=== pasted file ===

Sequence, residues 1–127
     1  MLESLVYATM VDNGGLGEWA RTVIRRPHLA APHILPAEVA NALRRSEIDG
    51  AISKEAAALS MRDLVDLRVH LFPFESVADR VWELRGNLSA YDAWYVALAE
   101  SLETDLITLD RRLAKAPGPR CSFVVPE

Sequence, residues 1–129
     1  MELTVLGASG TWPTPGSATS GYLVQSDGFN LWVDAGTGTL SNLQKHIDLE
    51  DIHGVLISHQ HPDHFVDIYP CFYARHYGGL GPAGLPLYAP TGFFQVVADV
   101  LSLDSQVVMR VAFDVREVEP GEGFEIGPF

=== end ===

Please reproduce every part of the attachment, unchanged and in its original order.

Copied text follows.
Sequence, residues 1–127
     1  MLESLVYATM VDNGGLGEWA RTVIRRPHLA APHILPAEVA NALRRSEIDG
    51  AISKEAAALS MRDLVDLRVH LFPFESVADR VWELRGNLSA YDAWYVALAE
   101  SLETDLITLD RRLAKAPGPR CSFVVPE

Sequence, residues 1–129
     1  MELTVLGASG TWPTPGSATS GYLVQSDGFN LWVDAGTGTL SNLQKHIDLE
    51  DIHGVLISHQ HPDHFVDIYP CFYARHYGGL GPAGLPLYAP TGFFQVVADV
   101  LSLDSQVVMR VAFDVREVEP GEGFEIGPF